Gustav Mahler (1860-1911) and Alma Mahler (1879-1964)
- 1930: Hans Gu?rtler was an attorney in Vienna. Kallir was an art dealer and a friend of Alma’s, who wrote a letter to Gu?rtler on her behalf. Draxler was an attorney and had been minister of finance in Austria during the 1930s. Legler and Grimschitz were witnesses in court proceedings in Alma Mahler’s case: Legler was a nephew of Alma Mahler; and Grimschitz was director of the O?sterreichischen Gallerie during the Nazi era.
- 1931: 03-01-1931: Signing of a “Vollmachtserklärung” (power of attorney authorization) that declares that Alma Mahler (1879-1964) grants the right to use all the works of Mahler issued by this publisher Bote & Bock music publishers [Ed. Bote & G. Bock of Berlin] in film productions, and establishes her right to 50% of the profits from such use.
- 1945: During the trial in 1945 Wilhelm (Willy) Carl Emil Legler (1902-1960) subsequently acted as a witness nominated by Mahler-Werfel quite often in order to testify on internal family matters. The opposing party tried to undermine Legler’s credibility by insinuating that he was disappointed not to have received anything out of Moll’s estate.
- 1955: Otto Hein was an attorney in Vienna who was handling Alma Mahler’s postwar legal claims in Austria for restitution of property; he represented her up until his death, which (according to Alma’s correspondence with Wilhelm (Willy) Carl Emil Legler (1902-1960) occurred late in the fall of 1955. Around the time of Hein’s death, Alma, apparently dissatisfied that a significant aspect of the case had been settled in her disfavor, was also in the process of consulting with another attorney, Hans Gu?rtler. Subsequently, in 1956, Alma engaged Friedrich Weissenstein and he took over the case over from Hein’s office. At a later point, Alma also engaged Georg Weisl to review the case. Christine Olga Zimmer was a party to a draft agreement showing that she was a potential renter of Alma Mahler’s house in Vienna. Anton Klement was an Austrian official who presided over the transfer of certain paintings from the estate of Maria Eberstaller to Alma Mahler; the architect Wilhelm (Willy) Carl Emil Legler (1902-1960), a nephew of Alma who was residing in Vienna, received the paintings on her behalf.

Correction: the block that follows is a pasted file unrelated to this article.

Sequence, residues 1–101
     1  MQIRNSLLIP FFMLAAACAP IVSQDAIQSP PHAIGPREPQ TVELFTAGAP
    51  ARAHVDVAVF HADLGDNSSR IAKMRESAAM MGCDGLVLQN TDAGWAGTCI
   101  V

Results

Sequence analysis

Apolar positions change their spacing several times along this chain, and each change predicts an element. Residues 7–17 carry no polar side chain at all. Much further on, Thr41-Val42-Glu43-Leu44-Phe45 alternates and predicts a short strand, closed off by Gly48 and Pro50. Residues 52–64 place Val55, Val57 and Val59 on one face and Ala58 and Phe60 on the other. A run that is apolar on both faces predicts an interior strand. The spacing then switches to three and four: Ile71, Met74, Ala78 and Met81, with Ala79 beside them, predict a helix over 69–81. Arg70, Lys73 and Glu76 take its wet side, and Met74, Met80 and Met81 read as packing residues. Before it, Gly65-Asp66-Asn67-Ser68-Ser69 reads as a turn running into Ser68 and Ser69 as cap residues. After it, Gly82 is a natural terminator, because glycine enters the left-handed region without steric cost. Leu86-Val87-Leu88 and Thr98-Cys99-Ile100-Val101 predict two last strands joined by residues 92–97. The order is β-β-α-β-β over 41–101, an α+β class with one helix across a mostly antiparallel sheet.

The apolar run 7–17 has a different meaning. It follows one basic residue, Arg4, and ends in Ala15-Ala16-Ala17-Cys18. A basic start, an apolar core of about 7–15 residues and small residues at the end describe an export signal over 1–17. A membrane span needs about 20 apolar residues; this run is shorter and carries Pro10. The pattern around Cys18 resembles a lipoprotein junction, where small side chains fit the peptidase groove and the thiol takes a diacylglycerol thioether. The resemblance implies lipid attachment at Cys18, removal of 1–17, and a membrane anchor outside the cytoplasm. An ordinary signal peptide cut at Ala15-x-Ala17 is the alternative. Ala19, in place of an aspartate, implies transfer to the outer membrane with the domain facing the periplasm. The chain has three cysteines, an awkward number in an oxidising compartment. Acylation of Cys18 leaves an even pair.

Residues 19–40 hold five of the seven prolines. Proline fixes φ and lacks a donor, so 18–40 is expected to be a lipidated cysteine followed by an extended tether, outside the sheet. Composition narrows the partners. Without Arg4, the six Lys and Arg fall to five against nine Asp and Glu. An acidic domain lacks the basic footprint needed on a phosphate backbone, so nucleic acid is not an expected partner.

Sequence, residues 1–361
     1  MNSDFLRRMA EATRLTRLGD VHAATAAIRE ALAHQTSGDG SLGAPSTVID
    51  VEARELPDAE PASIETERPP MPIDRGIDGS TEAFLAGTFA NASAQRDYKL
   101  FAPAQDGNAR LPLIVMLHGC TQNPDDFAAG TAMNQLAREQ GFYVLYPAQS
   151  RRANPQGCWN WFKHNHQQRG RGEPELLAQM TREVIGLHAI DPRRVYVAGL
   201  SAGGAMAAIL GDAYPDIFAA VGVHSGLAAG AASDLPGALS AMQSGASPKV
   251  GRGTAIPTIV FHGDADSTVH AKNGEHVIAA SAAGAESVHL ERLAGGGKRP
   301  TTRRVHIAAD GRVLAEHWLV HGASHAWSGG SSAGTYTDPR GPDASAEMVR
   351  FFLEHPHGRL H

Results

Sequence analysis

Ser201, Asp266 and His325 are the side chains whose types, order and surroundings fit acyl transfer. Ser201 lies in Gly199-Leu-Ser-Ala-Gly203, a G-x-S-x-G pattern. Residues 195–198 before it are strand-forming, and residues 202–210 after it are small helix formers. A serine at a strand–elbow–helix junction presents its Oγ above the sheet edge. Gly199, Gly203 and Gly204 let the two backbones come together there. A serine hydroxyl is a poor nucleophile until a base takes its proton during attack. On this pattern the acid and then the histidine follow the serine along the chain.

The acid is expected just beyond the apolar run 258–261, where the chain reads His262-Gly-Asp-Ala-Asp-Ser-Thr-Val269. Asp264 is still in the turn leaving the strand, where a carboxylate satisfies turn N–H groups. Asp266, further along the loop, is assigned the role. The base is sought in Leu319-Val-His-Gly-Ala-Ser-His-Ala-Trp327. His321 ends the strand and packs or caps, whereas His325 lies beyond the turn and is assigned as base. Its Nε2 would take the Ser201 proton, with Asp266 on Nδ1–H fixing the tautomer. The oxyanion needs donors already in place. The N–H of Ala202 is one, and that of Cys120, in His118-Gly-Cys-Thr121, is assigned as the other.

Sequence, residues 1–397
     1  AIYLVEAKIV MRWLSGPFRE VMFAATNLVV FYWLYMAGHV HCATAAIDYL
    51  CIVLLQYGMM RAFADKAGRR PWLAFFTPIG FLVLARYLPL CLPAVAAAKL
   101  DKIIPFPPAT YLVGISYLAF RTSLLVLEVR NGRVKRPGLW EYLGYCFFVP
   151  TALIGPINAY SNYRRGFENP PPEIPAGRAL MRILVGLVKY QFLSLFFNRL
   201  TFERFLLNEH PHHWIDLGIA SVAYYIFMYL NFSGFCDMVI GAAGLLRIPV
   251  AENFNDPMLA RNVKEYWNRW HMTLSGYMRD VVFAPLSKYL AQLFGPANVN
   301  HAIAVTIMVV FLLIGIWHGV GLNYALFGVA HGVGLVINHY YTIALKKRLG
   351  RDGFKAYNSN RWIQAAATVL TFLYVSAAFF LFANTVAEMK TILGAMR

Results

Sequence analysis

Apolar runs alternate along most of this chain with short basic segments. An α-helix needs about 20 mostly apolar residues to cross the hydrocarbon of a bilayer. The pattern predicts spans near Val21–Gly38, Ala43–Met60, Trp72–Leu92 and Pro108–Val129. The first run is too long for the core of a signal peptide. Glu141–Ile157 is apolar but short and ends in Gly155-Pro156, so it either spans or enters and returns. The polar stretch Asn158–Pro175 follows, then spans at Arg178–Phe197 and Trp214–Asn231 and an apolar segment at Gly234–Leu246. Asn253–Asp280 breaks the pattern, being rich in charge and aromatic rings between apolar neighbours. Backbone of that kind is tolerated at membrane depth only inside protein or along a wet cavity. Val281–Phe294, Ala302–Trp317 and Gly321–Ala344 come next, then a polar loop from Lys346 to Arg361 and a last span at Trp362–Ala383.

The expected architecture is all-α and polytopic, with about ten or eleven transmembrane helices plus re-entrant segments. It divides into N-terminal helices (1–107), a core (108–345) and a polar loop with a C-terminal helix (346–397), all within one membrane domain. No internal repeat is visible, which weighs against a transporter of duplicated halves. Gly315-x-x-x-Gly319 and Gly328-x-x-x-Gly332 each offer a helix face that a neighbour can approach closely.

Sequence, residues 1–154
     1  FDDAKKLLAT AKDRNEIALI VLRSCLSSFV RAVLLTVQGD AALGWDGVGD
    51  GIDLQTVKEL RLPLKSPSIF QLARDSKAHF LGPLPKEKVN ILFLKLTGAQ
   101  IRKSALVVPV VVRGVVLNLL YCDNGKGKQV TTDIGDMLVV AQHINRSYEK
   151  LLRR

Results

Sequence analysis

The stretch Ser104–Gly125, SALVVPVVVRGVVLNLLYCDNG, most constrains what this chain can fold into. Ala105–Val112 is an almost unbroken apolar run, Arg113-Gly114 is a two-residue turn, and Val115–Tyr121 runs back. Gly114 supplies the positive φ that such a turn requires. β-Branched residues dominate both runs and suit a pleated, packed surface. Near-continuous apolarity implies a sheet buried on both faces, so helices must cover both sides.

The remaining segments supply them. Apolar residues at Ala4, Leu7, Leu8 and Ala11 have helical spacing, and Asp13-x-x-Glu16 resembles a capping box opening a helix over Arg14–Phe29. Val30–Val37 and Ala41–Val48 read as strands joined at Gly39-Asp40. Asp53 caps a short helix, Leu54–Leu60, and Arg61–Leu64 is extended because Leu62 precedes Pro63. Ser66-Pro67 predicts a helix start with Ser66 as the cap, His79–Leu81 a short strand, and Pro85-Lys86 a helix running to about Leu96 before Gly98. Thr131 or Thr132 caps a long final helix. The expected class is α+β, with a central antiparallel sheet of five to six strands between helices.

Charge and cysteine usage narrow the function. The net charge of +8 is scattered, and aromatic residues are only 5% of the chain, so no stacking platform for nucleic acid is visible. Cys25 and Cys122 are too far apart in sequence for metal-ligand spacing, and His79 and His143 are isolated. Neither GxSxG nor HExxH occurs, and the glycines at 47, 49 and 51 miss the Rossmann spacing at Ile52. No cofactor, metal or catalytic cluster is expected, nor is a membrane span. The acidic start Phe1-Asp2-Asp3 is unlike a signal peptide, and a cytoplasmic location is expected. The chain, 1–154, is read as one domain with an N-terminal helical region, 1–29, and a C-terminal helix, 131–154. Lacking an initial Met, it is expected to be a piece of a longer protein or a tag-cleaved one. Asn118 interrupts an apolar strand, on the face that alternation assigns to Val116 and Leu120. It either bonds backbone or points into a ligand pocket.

- Friedrich Weissenstein was an attorney in Vienna whom Alma Mahler engaged to pursue her postwar legal claims for restitution of property in Austria; Simon was an attorney in Weissenstein’s office. Simon had been recommended to Alma by her nephew Wilhelm (Willy) Carl Emil Legler (1902-1960), following the death, in 1955, of her attorney Otto Hein, who had originally handled the case. Other attorneys she consulted in the case were Hans Gu?rtler and Georg Weisl.
- Ludwig Franz Tlapek was an attorney in Vienna who was arranging for the appropriate return of documents to Alma Mahler following the death of her attorney Otto Hein.
- Joseph. Simon was attorneys in Vienna whom Alma was considering engaging.
- Hofmannsthal was an attorney based at this time in Queens, N.Y., and was apparently representing Alma Mahler. Weisl was an attorney based in Vienna, to whom Alma had given authority (Vollmacht) to review the status of her case in the Austrian courts. Attorneys whom Alma had previously consulted in the matter of her postwar claims for restitution of property include Otto Hein, Hans Guertler, and Friedrich Weissenstein.
- Georg Weisl’s letter, addressed to Emilio von Hofmannsthal, concerns the prospects for a reopening of Alma Mahler’s case with regard to her postwar claims for restitution of property in Austria.
- Anton Klement was an Austrian government official involved in the case, and Kurt Frieberger was another official to whom she turned for help. Her friend Otto Kallir offered advice and assistance, and Wilhelm (Willy) Carl Emil Legler (1902-1960) tended to many matters for her in Vienna in the immediate postwar period.
- 2007. The Restitution of the Munch Painting “Summer Night at the Beach”. The Republic of Austria on formally returned ownership of the painting to Marina Fistoulari Mahler (1943), the grandchild of Alma Mahler-Werfel, the former owner of the artwork, who was forced to leave the painting in Vienna when she fled from the Nazi regime in 1937. See Marina Fistoulari Mahler (1943).
03-01-1931: This the “Vollmachtserklärung” (power of attorney authorization) that declares that Alma Mahler (1879-1964) grants the right to use all the works of Mahler issued by this publisher Bote & Bock music publishers [Ed. Bote & G. Bock of Berlin] in film productions, and establishes her right to 50% of the profits from such use.